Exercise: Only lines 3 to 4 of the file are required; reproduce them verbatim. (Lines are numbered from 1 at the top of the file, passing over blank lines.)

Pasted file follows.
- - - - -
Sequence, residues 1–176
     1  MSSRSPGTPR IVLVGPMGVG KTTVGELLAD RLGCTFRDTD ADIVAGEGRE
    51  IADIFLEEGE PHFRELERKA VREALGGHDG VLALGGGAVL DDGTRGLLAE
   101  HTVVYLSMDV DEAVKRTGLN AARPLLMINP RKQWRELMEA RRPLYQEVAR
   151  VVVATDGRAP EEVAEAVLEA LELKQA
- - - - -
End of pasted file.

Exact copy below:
    51  IADIFLEEGE PHFRELERKA VREALGGHDG VLALGGGAVL DDGTRGLLAE
   101  HTVVYLSMDV DEAVKRTGLN AARPLLMINP RKQWRELMEA RRPLYQEVAR